Hi-Five
Origin Waco, Texas
Genres Rhythm and blues, pop, New Jack Swing
Occupations Vocal music group
Years active 1990-1994
2005-present
Members
Marcus Sanders
Roderick Clark
Russell Neal
Treston Irby
Shannon Gill
Terrence Murphy
Deion Braxton
Toriano Easley
Former members
Tony Thompson (deceased)

Hi-Five is an American R&B quintet based out of Waco, Texas who had a #1 hit on Billboard's Hot 100 in the early 1990s with "I Like the Way (The Kissing Game)". Hi-Five was formed in 1990, and consisted of the late Tony Thompson, Roderick "Pooh" Clark, Marcus Sanders, Russell Neal, and Toriano Easley. Easley was later replaced by Treston Irby.

Contents

Rise to fame

Hi-Five was originally signed to Jive Records in late 1989 and released their first album, Hi-Five, in 1990. The album went platinum and was produced by legendary producer Teddy Riley; it included such singles as "I Just Can't Handle It" (R&B #10), "I Can't Wait Another Minute" (Pop #8, R&B #1), and their biggest hit to date, "I Like the Way (The Kissing Game)", which went to number one on the U.S. Billboard Hot 100 and the U.S. Hot R&B/Hip-Hop Songs chart.[1] The group was aggressively marketed by Jive and was part of the "New Jack" sound that dominated much of the early to mid-1990s urban contemporary radio format. Hi-Five enjoyed marginal mainstream success and were essentially similar in design to R&B counterparts such as H-Town, Shai, Public Announcement, and perhaps most notably, Boyz II Men.

Hi-Five's second LP, Keep It Goin' On, came out in 1992. Though not as successful as their debut effort, several tracks from this album, including "She's Playing Hard To Get" (Pop #5, R&B #2) and the R. Kelly-penned "Quality Time" (Pop #38, R&B #3) got major airplay in East Coast (US) urban markets. Shortly after this album was released, Roderick "Pooh" Clark was involved in a near-fatal automobile accident. In 1993, Hi-Five emerged with a third album, Faithful, which featured the songs "Unconditional Love" (Pop #92, R&B #21) and "Never Should've Let You Go" (Pop #30, R&B #10).[1]. "Unconditional Love" was also featured in the multi-platinum Menace II Society soundtrack, and received extensive airplay on urban contemporary stations throughout the summer of 1993 as the movie increased in popularity.

Later years

After Hi-Five disbanded around 1994, Thompson released a solo album, Sexsational, in 1995. He scored a minor hit with "I Wanna Love Like That".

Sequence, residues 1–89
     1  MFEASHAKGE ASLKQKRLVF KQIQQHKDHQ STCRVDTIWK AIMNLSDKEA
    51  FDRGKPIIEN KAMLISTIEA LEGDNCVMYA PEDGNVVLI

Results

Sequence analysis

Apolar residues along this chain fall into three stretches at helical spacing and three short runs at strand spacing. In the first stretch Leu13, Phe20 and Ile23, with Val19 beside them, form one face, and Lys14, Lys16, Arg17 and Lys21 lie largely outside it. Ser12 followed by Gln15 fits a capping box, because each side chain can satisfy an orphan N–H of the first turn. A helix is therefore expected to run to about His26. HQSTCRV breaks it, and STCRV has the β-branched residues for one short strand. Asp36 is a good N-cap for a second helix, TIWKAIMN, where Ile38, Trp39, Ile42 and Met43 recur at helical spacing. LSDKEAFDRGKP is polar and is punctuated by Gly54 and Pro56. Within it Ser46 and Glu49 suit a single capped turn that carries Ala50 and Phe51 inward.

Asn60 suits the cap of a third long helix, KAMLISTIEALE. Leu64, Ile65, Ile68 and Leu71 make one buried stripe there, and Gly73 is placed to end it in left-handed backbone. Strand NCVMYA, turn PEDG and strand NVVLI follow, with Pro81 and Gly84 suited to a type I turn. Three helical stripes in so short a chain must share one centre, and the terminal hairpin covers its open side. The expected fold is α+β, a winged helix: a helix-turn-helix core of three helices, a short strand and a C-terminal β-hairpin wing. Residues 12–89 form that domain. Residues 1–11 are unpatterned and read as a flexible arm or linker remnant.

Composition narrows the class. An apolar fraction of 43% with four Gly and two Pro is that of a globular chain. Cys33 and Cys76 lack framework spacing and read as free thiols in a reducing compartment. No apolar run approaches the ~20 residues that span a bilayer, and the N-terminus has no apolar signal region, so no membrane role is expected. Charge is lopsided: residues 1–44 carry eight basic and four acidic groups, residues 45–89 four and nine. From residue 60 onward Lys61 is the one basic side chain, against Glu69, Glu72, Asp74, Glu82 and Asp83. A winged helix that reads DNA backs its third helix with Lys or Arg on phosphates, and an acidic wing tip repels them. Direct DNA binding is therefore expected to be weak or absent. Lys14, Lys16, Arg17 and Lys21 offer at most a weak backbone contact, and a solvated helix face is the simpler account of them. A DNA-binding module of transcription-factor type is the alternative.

In 2005, Thompson re-incarnated Hi-Five with four new members, one of whom was his younger brother, Jordan. Their album The Return was released in 2006 on Thompson's independent label, N'Depth.

On June 1, 2007, Tony Thompson died in his hometown of Waco, Texas. An autopsy later revealed that Thompson, who had a history of "huffing", accidentally overdosed on freon.[2][3]

Discography

Albums

  • 1990: Hi-Five (Jive/Novus) - US Pop #38, US R&B #1
  • 1992: Keep It Goin' On (Jive/Novus) - US Pop #82, US R&B #9
  • 1993: Faithful (Jive) - US Pop #105, US R&B #23
  • 1994: Greatest Hits (Jive)
  • 2005: The Return (N'Depth Entertainment)

Singles

  • 1990: "I Just Can't Handle It" - US R&B #10
  • 1991: "I Like the Way (The Kissing Game)" - US Pop #1, US R&B #1, UK #43[4]
  • 1991: "I Can't Wait Another Minute" - US Pop #8, US R&B #1
  • 1991: "Just Another Girlfriend" - US Pop #88, US R&B #41
  • 1992: "She's Playing Hard to Get" - US Pop #5, US R&B #2, UK #55[4]
  • 1992: "Quality Time" - US #38, R&B #3
  • 1993: "Mary, Mary" - US R&B #50
  • 1993: "Unconditional Love" - US Pop #92, US R&B #21
  • 1993: "Never Should've Let You Go" - US Pop #30, US R&B #10
  • 1994: "Faithful" - US R&B #52
  • 1994: "What Can I Say to You (To Justify My Love)" - US R&B #72

References

  1. ^ a b "Hi-Five Billboard Chart History". billboard.com. http://www.billboard.com/bbcom/retrieve_chart_history.do?model.vnuArtistId=22902&model.vnuAlbumId=750801. Retrieved 2008-08-30. 
  2. ^ Shepard, Julianne (2007-07-04). "Tony Thompson Death Ruled Accidental OD". vibe.com. http://www.vibe.com/news/news_headlines/2007/07/tony_thompson_autopsy_rpt/. Retrieved 2008-08-29. 
  3. ^ Shepard, Julianne (2007-06-04). "UPDATE: Hi-Five's Tony Thompson, 1975-2007". vibe.com. http://www.vibe.com/news/news_headlines/2007/06/tony_thompson_obit/. Retrieved 2008-08-29. 
  4. ^ a b Roberts, David (2006). British Hit Singles & Albums (19th ed.). London: Guinness World Records Limited. p. 252. ISBN 1-904994-10-5. 

External links